Employees can be exposed to hazardous dusts and fumes from many different sources in medical and pharmaceutical industries.
The pandemic further highlighted the need for good-quality indoor air when airborne viruses are present. Poor air quality produces its own health risks, especially for pharmaceutical, medical and laboratory workers.
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What hazards do pharmaceutical workers face?
Workers in the pharmaceutical industry face exposure to a number of health hazards. They may work with potentially dangerous fumes and dusts such as hazardous powders, chemical agents, airborne pathogens, chemical solutions and other biological dusts. A high-risk environment must be properly ventilated through the use of up-to-date dust and fume extraction systems.
Workers in the tablet manufacturing industry are often exposed to highly potent pharmaceutical ingredients. Around 25% of all drugs being manufactured around the world fall into this category, according to The Medicine Maker.
If employees operating the tablet pressing equipment inhale hazardous airborne particles, it creates significant risks. As well as via the inhalation of toxins, substances can enter the body via various other means including residue on clothing, through the skin, via the eyes, or through a scratch or abrasion on the skin.
The toxic nature of some of the substances can create serious health risks including cancer, development effects and mutations. Even at very low doses, they can cause severe sickness.
What are the risks to laboratory workers?
As part of the research processes, laboratory workers weigh powders as a routine task. Without the proper safety precautions, including PPE and fume and dust extraction, they can suffer health problems.
Continued exposure to toxic powders can cause toxicity, sensitisation and carcinogenicity, according to research by the University of Wisconsin. Employees who are routinely exposed to non-toxic powders can experience serious respiratory problems.
Even in small quantities, metal powders such as iron, aluminium, magnesium and titanium are potentially flammable. As well as the health hazards, this creates a real risk of property damage in the event of an accident.
Are healthcare workers exposed to hazardous materials?
Many healthcare workers are exposed to chemicals that can pose a risk. These include anaesthetic gases and antineoplastic drugs used to treat patients. In addition, the phenolic and ammonium compounds that sterilise and disinfect work surfaces and equipment come with their own potentially damaging effects.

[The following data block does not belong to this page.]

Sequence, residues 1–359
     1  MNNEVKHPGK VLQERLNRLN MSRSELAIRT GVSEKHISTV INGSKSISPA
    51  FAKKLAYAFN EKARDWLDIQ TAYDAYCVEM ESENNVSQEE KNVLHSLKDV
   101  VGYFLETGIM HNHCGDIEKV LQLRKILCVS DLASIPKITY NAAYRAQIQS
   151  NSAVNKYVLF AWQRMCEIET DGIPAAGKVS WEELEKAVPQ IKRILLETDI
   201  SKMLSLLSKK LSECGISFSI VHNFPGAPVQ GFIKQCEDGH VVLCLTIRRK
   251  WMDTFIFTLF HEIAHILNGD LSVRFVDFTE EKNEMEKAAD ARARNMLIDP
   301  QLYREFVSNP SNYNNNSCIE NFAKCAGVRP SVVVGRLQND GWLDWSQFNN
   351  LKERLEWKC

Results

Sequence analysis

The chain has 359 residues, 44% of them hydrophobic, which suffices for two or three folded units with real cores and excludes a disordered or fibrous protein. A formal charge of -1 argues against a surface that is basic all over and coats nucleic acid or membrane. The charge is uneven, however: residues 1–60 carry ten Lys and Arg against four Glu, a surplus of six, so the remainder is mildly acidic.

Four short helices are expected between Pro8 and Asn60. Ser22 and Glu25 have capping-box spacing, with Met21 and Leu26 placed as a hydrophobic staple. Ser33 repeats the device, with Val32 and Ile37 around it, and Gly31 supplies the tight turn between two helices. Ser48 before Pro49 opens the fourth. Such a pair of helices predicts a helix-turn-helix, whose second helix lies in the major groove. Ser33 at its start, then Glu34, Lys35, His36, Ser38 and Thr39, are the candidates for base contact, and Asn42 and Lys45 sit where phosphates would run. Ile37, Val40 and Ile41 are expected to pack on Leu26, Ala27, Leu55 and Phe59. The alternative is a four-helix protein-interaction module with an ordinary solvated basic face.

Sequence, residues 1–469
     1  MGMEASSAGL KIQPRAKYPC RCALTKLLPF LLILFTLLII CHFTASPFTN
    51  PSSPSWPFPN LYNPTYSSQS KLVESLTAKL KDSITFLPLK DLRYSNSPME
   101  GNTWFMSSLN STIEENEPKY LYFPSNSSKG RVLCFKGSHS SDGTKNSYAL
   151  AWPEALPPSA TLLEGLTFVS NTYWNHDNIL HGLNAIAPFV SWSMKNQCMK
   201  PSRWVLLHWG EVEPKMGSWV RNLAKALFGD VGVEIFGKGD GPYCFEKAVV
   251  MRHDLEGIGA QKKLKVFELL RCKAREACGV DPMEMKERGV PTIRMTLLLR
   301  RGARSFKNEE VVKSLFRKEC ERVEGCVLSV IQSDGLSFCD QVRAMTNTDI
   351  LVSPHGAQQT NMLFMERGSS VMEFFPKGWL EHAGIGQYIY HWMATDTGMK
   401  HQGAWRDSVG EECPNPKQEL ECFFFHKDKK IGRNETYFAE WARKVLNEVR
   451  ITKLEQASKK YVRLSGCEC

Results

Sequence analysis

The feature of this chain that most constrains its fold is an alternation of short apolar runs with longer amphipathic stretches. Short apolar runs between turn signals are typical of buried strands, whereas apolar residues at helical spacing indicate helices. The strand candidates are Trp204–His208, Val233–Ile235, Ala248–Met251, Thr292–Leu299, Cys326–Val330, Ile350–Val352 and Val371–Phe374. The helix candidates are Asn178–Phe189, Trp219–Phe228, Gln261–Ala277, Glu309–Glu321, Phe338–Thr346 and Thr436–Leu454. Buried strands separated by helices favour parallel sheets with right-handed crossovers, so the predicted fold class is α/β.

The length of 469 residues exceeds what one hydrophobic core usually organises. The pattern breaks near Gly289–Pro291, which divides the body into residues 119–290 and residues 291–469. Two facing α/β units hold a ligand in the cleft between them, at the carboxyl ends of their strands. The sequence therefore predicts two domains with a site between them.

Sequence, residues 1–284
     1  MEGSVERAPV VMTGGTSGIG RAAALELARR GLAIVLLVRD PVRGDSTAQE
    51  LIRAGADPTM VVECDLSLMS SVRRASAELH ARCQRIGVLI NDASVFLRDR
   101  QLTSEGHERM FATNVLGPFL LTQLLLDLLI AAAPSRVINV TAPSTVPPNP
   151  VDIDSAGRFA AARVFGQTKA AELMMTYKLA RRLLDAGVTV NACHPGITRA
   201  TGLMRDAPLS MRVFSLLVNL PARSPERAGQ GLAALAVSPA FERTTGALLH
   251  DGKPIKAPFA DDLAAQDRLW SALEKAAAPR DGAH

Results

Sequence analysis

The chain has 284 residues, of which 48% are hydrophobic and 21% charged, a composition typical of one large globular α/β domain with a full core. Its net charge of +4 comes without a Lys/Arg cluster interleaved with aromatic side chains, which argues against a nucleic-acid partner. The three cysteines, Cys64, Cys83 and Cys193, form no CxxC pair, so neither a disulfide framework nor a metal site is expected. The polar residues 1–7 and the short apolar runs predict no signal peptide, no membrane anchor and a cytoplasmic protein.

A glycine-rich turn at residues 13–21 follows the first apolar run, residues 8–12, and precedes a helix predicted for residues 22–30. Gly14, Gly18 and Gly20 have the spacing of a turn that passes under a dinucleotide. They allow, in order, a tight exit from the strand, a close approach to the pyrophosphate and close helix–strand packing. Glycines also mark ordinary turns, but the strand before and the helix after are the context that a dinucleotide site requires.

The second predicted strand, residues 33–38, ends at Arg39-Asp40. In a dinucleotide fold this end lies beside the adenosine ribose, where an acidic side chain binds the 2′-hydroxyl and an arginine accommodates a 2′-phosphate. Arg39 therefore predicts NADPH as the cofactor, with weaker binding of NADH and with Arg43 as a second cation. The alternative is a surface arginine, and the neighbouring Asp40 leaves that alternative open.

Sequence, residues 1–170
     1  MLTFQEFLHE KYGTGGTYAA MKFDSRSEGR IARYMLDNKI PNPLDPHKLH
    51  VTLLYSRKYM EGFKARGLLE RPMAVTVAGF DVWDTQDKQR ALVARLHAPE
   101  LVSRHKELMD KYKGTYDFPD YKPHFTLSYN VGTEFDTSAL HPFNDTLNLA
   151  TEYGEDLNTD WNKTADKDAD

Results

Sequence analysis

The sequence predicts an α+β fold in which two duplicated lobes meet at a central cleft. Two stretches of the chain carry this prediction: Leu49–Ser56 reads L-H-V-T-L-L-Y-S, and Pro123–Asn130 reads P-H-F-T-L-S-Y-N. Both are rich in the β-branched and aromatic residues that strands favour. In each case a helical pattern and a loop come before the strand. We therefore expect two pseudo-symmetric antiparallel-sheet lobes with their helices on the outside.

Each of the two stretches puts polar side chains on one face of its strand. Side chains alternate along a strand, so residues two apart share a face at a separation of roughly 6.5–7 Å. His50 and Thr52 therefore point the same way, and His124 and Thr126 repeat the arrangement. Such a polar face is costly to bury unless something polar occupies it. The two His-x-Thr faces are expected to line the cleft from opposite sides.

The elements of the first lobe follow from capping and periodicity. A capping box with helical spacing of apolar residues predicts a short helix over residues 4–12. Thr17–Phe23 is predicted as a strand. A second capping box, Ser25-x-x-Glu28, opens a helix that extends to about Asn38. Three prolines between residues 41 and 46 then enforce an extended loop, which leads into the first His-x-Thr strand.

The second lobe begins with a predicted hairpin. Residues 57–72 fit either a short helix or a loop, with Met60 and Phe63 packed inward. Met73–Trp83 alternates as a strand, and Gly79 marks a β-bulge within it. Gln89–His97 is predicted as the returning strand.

Fixatives for tissue specimens usually contain chemicals such as xylene and formaldehyde. Inhaling xylene vapour can be particularly dangerous, as it can cause depression of the central nervous system. Symptoms can include nausea, vomiting, headaches and dizziness. These can occur even when a worker is exposed to relatively low quantities.
It is essential that all employees wear the relevant PPE; and safe working practices, combined with an effective fume extraction system, will help ensure maximum protection.
The Covid pandemic made everyone more aware of how crucial proper ventilation was in healthcare facilities. The health sector was quicker than any other to identify where improvements could be made, and action was taken to address the purity of indoor air quality.
Ventilation for the pharmaceutical industry
To reduce the risk of airborne pathogens in the pharmaceutical, medical and healthcare industry, the appropriate ventilation systems should be installed to ensure workers aren’t impacted by high levels of potentially harmful substances.
The Personal Protective Equipment (PPE) at Work Regulations 1992 governs the safety wear that must be worn such as gloves, safety helmets, eye protection and high-visibility clothing. Also, effective fume and dust extraction systems for the pharmaceutical industry are vital.
AirBench offers high efficiency filtration systems and optional stainless-steel construction to protect your employees and products, while complying with COSHH regulations.
Our downdraught benches can be used for dust control in all laboratory environments including weighing, packaging and dispensing processes. For your large-scale weighing and dispensing operations, the AirBench downflow booth is the perfect solution.
Enabling employees to work in continuously clean air, while the process dust is captured without intervention, many of our models can be configured with fume filters to control solvents in the laboratory.
For further information, or to book a demo, contact us today.